Iraq's Artists Defy Extremists With Bows, Brushes And A Low Profile

The Iraqi National Symphony Orchestra performs in Baghdad. The concert was promoted by word of mouth to avoid being targeted by bombs.
Graham Smith NPR

Originally published on Tue September 23, 2014 6:27 am

It's a hot night in Baghdad, and the national theater is packed with people who are here to see the Iraqi National Symphony Orchestra.

They're fanning themselves with programs that show conductor Karim Wasfi, a striking man with thick eyebrows and a pointed beard, playing the cello. Tonight, he'll be conducting for the first time in more than a year.

Iraq has been in the headlines lately, with extremists taking over parts of the country, American airstrikes, the militias and the politics.

But the country was once a sophisticated center for learning and the arts.

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JPR Classics
9:10 am
Mon September 15, 2014

Listen To The Atlanta Symphony While It's Locked Out — Again

Robert Spano conducts members of the Atlanta Symphony Orchestra, who are now locked out for the second time in two years after failed contract negotiations.
J.D. Scott Atlanta Symphony Orchestra

Originally published on Fri September 12, 2014 12:26 pm

Alas, it is déjà vu all over again for the Atlanta Symphony Orchestra. At midnight Saturday, the ASO musicians and management failed to meet the deadline to agree on a new contract after eight months of negotiations. That means the players, while still employees of the orchestra, are effectively locked out of the Woodruff Arts Center (the orchestra's home) and will not receive paychecks until a new agreement can be ratified.

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JPR Classics
9:05 am
Mon September 15, 2014

Q&A: Why Teaching Music Matters

Margaret Martin (right) poses with student Jose Correa during a Harmony Project open house at the Ramon C. Cortines School for Visual and Performing Arts in Los Angeles.
Esteban Rael Harmony Project

Originally published on Sat September 20, 2014 11:07 am

I went to Los Angeles to report a story on brain science. A new study had just been released, exploring how music instruction helps kids process language. The children the researchers studied were all participants in a community music program run by the nonprofit Harmony Project.

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JPR Classics
8:15 am
Thu September 11, 2014

Philip Glass And Steve Reich At BAM: Together Again Yet Still Apart

Four Organs by Steve Reich was performed Tuesday at the Brooklyn Academy of Music as part of the 50th anniversary of the Nonesuch label (from left: Philip Glass, Nico Muhly, David Cossin, Timo Andres and Steve Reich).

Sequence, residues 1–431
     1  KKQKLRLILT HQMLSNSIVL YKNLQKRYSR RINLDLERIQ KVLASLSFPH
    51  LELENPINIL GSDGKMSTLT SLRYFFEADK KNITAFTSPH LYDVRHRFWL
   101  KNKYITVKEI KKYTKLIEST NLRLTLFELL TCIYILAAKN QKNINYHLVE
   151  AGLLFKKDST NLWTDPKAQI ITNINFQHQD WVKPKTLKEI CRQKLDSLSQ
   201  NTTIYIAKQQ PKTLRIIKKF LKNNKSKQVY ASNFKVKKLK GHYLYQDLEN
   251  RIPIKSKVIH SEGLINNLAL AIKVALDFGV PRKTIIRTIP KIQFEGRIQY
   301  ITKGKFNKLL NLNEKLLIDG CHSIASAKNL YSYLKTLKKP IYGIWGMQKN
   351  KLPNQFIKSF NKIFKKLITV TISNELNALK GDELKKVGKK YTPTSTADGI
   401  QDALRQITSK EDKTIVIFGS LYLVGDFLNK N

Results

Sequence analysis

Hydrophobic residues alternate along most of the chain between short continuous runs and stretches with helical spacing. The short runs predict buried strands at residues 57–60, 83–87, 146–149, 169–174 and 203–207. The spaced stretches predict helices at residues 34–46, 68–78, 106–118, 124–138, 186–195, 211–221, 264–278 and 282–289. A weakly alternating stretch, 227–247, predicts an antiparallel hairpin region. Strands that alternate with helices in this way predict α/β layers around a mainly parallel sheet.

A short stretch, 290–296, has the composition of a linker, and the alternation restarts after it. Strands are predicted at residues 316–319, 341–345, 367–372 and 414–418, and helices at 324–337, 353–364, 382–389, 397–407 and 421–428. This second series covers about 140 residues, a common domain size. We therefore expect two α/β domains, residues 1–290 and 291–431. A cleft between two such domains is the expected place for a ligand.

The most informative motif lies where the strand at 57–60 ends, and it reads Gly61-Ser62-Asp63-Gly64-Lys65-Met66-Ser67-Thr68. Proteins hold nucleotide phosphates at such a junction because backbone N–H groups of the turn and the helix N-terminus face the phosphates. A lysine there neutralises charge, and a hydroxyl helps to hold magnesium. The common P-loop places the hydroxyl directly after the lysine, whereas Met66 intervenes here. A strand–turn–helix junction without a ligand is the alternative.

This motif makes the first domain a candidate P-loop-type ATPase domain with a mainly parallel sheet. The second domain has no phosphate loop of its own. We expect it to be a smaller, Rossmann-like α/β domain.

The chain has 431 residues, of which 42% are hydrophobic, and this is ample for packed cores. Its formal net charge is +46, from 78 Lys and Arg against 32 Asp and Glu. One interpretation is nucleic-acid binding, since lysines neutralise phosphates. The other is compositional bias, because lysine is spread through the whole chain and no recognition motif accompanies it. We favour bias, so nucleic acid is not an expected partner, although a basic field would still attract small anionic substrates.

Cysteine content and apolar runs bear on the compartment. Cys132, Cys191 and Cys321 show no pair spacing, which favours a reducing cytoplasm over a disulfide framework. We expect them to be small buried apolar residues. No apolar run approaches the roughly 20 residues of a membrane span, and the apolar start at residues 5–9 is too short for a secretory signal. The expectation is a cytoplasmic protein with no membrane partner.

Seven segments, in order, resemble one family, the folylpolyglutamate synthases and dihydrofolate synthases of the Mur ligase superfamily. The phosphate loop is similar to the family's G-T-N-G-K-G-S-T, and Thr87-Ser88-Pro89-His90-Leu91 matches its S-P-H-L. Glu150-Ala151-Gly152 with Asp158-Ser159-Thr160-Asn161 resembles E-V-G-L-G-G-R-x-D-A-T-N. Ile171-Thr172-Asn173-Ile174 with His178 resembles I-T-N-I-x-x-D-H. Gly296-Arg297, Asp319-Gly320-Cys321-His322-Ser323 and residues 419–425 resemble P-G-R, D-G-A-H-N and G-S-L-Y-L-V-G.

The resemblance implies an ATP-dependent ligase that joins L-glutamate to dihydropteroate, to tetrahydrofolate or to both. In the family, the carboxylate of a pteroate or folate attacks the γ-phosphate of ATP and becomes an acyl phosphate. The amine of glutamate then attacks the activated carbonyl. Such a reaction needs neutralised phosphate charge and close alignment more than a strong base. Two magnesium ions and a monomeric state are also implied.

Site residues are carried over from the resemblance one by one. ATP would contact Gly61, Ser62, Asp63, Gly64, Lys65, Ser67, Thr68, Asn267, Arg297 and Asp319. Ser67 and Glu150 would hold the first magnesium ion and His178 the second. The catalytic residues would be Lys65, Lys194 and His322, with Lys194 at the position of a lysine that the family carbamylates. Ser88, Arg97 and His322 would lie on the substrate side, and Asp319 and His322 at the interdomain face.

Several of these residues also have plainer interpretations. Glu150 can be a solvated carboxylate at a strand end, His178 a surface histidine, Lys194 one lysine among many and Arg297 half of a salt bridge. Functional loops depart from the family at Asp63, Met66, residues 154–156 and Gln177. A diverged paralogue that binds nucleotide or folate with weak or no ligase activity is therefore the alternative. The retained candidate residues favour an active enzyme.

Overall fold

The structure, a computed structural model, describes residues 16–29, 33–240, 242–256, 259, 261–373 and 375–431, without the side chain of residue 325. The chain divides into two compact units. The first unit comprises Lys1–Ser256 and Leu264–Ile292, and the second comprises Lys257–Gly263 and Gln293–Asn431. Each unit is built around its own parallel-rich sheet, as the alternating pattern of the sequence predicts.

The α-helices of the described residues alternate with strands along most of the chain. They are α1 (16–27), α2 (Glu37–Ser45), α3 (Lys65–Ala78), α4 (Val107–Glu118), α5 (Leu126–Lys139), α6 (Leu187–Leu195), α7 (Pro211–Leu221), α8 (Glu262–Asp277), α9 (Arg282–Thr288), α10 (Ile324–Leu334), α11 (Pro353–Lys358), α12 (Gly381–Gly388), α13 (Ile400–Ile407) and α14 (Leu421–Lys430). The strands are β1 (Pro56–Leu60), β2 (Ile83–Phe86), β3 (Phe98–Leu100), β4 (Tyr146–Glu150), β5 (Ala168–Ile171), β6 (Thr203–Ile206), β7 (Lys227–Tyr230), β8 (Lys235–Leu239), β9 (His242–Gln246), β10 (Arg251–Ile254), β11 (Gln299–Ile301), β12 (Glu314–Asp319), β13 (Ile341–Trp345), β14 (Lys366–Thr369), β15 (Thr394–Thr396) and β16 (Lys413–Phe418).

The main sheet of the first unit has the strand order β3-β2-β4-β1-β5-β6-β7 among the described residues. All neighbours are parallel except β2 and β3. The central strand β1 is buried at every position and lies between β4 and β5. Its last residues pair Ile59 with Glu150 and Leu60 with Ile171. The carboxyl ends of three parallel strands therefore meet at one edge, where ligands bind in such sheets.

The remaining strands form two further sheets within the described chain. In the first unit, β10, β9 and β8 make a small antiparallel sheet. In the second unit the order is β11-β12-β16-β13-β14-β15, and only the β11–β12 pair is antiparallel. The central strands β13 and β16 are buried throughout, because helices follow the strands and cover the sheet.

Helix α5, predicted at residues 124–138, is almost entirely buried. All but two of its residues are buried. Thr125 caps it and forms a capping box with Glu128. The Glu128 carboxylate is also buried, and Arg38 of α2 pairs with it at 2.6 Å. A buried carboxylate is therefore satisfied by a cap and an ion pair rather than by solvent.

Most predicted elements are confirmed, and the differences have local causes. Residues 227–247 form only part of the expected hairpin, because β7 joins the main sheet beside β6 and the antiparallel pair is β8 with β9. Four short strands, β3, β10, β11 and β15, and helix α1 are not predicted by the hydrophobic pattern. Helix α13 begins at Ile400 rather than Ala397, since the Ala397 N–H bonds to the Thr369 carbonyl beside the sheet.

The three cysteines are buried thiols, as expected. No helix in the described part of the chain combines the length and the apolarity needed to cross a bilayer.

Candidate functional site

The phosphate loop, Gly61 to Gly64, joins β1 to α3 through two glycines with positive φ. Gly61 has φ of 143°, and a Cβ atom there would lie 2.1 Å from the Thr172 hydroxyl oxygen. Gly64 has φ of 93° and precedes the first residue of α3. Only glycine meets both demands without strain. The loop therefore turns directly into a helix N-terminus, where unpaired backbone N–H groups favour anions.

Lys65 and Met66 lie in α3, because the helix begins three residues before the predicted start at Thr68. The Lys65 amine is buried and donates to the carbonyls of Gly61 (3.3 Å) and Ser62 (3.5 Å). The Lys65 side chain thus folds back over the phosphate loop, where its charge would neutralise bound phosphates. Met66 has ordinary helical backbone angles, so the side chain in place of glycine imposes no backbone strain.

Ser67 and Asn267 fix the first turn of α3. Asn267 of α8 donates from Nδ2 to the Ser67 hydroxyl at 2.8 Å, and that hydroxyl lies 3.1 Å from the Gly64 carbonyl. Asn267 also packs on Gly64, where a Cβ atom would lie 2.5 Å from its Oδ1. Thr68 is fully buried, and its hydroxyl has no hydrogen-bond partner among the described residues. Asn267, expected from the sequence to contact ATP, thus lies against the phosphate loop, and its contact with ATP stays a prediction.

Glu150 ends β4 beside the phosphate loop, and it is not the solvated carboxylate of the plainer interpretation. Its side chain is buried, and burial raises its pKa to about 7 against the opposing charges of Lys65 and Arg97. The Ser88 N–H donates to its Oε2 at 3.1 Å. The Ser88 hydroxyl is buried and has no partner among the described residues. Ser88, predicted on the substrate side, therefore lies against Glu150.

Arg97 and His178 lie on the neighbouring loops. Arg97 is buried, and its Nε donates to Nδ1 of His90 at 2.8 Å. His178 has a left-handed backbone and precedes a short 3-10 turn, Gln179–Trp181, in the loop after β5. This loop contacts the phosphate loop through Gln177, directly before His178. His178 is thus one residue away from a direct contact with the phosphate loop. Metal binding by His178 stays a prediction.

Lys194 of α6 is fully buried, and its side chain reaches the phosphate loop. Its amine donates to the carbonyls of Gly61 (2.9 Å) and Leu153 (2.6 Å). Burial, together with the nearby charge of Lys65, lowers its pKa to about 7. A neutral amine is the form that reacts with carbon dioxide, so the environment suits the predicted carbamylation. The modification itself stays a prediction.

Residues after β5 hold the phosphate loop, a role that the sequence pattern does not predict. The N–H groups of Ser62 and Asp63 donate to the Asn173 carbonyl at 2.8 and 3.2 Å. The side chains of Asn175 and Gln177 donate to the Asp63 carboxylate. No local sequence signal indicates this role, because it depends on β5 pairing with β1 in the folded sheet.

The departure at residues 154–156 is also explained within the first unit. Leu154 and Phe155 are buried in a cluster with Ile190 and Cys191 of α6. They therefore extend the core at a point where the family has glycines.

Stephanie Berger

Originally published on Wed September 10, 2014 1:04 pm

Throughout this month, the Brooklyn Academy of Music's signature Next Wave Festival is celebrating a record label with which it shares history and purpose: Nonesuch, marking its 50th anniversary this year.

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JPR Classics
3:19 pm
Wed September 10, 2014

Nonesuch At 50: A Record Label Without Borders

Björk's interdisciplinary project Biophilia was released on the Nonesuch label in 2011.
Nonesuch

Originally published on Thu September 11, 2014 9:08 am

Sometimes good things come in small packages. Nonesuch Records, which started as a tiny independent budget classical label in 1964, is celebrating its 50th anniversary with three weeks of concerts at the Brooklyn Academy of Music. The label became a force in the recording industry by pioneering electronic music and world music, launching the ragtime revival and becoming a place where contemporary classical composers had a home. Now an industry powerhouse, Nonesuch still operates like an independent record company.

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JPR Classics
2:21 pm
Wed September 10, 2014

This Is Your Brain. This Is Your Brain On Music

Amir Pinkney-Jengkens, 8, is learning trombone through Harmony Project, a nonprofit that provides musical instruments and instruction to children in low-income communities. Recent research suggests that such musical education may help improve kids' ability to process speech.
Annie Tritt for NPR

Originally published on Thu September 11, 2014 8:55 am

Musical training doesn't just improve your ear for music — it also helps your ear for speech. That's the takeaway from an unusual new study published in The Journal of Neuroscience. Researchers found that kids who took music lessons for two years didn't just get better at playing the trombone or violin; they found that playing music also helped kids' brains process language.

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JPR Classics
11:43 am
Tue September 9, 2014

Misty Copeland On Broadening 'Beauty' And Being Black In Ballet

Originally published on Tue September 9, 2014 7:53 am

For ballerina Misty Copeland, the role of the Firebird is a personally symbolic one. "It was one of the first really big principal roles I was ever given an opportunity to dance with American Ballet Theatre," she tells NPR's Steve Inskeep. "It was a huge step for the African-American community."

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JPR Classics
11:42 am
Tue September 9, 2014

Enduringly Dramatic Italian Soprano Magda Olivero Dies At 104

Magda Olivero performing Francis Poulenc's one-woman opera La voix humaine at San Francisco Opera in 1979.
Ron Scherl Redferns/Getty Images

Originally published on Thu September 11, 2014 4:53 pm

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JPR Classics
11:39 am
Tue September 9, 2014

Five New Classical Videos You Need To See To Believe

Teen cellists Jeremy Tai and Minku Lee playing at Chihuly Garden and Glass.
Courtesy of From the Top

Originally published on Tue September 9, 2014 9:37 am